Thursday


11:0011:25

arrival and coffee

11:2511:30

welcome

Ronald de Wolf

Exponential Lower Bounds for Polytopes in Combinatorial Optimization

11:3012:25

We solve a 20year old problem posed by M. Yannakakis and prove that
there exists no polynomialsize linear program (LP) whose associated
polytope projects to the traveling salesman polytope, even if the LP is
not required to be symmetric. Moreover, we prove that this holds also
for the maximum cut problem and the stable set problem. These results
follow from a new connection that we make between oneway quantum
communication protocols and semidefinite programming reformulations of
LPs. Joint work with Samuel Fiorini, Serge Massar, Sebastian Pokutta,
Hans Raj Tiwary. 
Jop Briët

Violating the Shannon capacity of a graph with quantum entanglement

12:3012:55

The Shannon capacity of a graph G gives the maximum asymptotic rate at which messages can be sent with zero probability of error through a noisy communication channel with confusability graph G. This extensively studied graph parameter disregards the fact that on atomic scales, Nature behaves in line with quantum mechanics. Entanglement, arguably the most counterintuitive feature of the theory, turns out to be a useful resource for communication across noisy channels. In this talk I present a large and simple family of graphs for which the entangled capacity exceeds the Shannon capacity, adding to two isolated examples found earlier by Leung, Mancinska, Matthews, Ozols and Roy (2012), which show that entanglement can increase the asymptotic rate of zeroerror communication over discrete memoryless channels. Joint work with Harry Buhrman and Dion Gijswijt.

13:0014:45

lunch

Rob Eggermont

Degree bounds on tree models 
14:4515:10

Tree models are families of probability distributions used in modelling
the evolution of a number of extant species from a common ancestor. One
method to describe these models is to view a family as a set in the
mfold tensor product of a vectorspace V, where m is the number of
extant species, and to try to find polynomial equations that determine
its Zariski closure. One important question in this area of research is
the following: Can we bound the degree of the equations we need
independently of the number of extant species? In this talk, I will tell
a bit more about these models and will explain how to prove the
existence a bound on the degree of the needed equations by constructing
an infinite limit of models of a specific form.

Janne Kool

Dynamics measured in a nonArchimedean field 
15:1515:40

The study of dynamical systems using measuretheoretic methods has shown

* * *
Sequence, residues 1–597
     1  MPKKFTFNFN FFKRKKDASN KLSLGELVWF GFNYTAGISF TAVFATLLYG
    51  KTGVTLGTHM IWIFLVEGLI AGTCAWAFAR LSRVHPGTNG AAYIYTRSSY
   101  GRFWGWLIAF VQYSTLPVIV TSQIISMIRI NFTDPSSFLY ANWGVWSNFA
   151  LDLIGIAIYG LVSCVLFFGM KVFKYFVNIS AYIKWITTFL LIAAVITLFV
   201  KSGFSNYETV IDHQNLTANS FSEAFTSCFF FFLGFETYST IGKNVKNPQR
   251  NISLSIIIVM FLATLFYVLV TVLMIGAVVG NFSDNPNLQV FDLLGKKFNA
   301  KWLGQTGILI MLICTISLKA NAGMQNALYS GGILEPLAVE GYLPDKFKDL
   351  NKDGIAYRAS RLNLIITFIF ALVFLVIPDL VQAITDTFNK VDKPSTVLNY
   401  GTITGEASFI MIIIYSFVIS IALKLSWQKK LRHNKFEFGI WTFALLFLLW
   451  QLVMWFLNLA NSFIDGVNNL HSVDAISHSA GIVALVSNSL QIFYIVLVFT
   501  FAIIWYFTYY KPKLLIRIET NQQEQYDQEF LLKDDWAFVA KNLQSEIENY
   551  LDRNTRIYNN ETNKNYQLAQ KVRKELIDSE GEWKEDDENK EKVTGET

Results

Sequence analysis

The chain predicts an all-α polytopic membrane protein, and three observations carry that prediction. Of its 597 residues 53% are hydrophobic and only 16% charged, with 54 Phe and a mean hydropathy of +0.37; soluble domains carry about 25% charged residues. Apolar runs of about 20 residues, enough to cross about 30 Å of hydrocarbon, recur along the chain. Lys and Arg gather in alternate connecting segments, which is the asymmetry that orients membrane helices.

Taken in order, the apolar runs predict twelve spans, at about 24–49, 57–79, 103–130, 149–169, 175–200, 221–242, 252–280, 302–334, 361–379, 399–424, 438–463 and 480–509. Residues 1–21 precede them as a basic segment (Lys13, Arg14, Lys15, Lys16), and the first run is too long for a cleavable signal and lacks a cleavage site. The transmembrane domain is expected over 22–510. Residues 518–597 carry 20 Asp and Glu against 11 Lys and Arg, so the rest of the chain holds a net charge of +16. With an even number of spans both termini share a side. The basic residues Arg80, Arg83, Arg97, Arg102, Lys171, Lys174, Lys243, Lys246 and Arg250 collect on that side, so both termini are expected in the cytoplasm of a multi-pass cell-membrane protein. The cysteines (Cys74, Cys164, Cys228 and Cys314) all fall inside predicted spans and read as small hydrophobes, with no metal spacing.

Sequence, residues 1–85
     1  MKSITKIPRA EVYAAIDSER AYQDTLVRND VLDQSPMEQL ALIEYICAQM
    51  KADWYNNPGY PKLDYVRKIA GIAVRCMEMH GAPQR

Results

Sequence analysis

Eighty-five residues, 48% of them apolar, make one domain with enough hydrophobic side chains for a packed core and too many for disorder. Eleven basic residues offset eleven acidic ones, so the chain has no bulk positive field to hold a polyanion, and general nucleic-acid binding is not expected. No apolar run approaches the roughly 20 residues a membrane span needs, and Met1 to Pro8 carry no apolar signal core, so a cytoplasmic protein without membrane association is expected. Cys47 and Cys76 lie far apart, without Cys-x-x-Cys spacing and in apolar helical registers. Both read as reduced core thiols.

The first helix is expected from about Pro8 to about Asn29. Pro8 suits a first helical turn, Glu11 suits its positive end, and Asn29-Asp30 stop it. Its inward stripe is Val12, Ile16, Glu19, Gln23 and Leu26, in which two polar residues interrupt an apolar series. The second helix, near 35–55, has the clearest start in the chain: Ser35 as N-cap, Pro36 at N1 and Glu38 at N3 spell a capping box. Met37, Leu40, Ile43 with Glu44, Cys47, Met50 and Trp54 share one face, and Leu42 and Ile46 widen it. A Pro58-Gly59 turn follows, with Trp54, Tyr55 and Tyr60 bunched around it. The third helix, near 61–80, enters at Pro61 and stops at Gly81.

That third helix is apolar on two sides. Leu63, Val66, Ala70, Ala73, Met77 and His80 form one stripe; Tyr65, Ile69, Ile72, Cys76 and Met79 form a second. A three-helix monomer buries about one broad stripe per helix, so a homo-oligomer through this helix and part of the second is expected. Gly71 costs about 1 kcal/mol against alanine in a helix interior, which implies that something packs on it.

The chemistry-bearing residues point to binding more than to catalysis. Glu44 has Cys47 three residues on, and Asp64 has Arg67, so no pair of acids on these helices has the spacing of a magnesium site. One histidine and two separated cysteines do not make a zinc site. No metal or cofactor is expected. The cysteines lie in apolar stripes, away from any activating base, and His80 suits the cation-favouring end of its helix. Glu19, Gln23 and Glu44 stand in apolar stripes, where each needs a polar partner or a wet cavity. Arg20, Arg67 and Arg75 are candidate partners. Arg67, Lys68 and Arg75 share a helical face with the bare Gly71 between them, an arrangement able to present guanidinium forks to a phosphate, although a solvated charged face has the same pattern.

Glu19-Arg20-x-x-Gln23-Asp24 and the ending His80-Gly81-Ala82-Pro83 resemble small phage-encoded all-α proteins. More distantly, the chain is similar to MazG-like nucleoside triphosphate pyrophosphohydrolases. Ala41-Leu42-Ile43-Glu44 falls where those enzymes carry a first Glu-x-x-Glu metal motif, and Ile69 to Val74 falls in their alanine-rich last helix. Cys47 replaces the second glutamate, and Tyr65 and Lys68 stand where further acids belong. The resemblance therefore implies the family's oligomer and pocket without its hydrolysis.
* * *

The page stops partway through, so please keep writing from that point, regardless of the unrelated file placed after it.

to be extremely useful. In almost all results real or complex valued
measures are used. However, there exists theories in which measures take
values in other fields, in particular nonArchimedean fields. In this
talk I will discuss natural translation of several notions, e.g.,
probability measures, isomorphic transformations, conjugate
transformations, from classical dynamical systems to a nonArchimedean
setting. 
15:4516:15

tea 
Jinbi Jin

Multiplication by n on elliptic curves over arbitrary rings 
16:1516:40

For elliptic curves over fields given by a Weierstrass equation, it is
one of the basic facts that the multiplication by n map can be given in
terms of socalled division polynomials. In this talk, I will generalise
this fact for elliptic curves given by a Weierstrass equation over
arbitrary rings.

Christiane Frougny

On parallel addition in nonstandard numeration systems 
16:4517:40 
It is well known that addition in a classical numeration system has a
worst time linear complexity, which is too low to design an efficient
arithmetical unit. In 1961, Avizienis gave a parallel algorithm for
addition in base 10 with digit set {6, 5, ..., 5, 6} where the carry
does not propagate. This gives a constant time complexity (in parallel).
In the language of symbolic dynamics, such an addition is a sliding
block code function, also called a local function. The Avizienis
technique is mainly used to fasten multiplication and division
algorithms.
In this talk we consider positional numeration systems where the base is
an algebraic number beta, beta>1. We show that when all the
algebraic conjugates of beta have a modulus different from 1, it is
possible to find a finite alphabet of signed digits on which parallel
addition is possible. This algorithm is a generalisation of the one of
Avizienis. The algorithm is quite simple, but the obtained alphabet can
be larger than necessary. We then give lower bounds on the minimal
cardinality of an alphabet of contiguous integer digits allowing
parallel addition. We then develop several cases on which the lower
bound is attained: negative base, complex base 1+i, quadratic Pisot
units. We also consider the case of a rational base a/b, b >1. Work in collaboration with Edita Pelantová and Milena Svobodová (CTU, Prague)

17:4519.00

drinks

19:00

dinner 


Friday


Friedrich Eisenbrand

Diameter of Polyhedra: Limits of abstraction and new upper bounds 
9:009:55

One of the most prominent mysteries in convex geometry is the question
whether the diameter of a polyhedron can be bounded by a polynomial
function in the dimension and its number of facets. The best known upper
bound is n^{ log d +1} (Kalai & Kleitman 1992) while no super
linear lower bound is known. In this talk I will explain that this quasi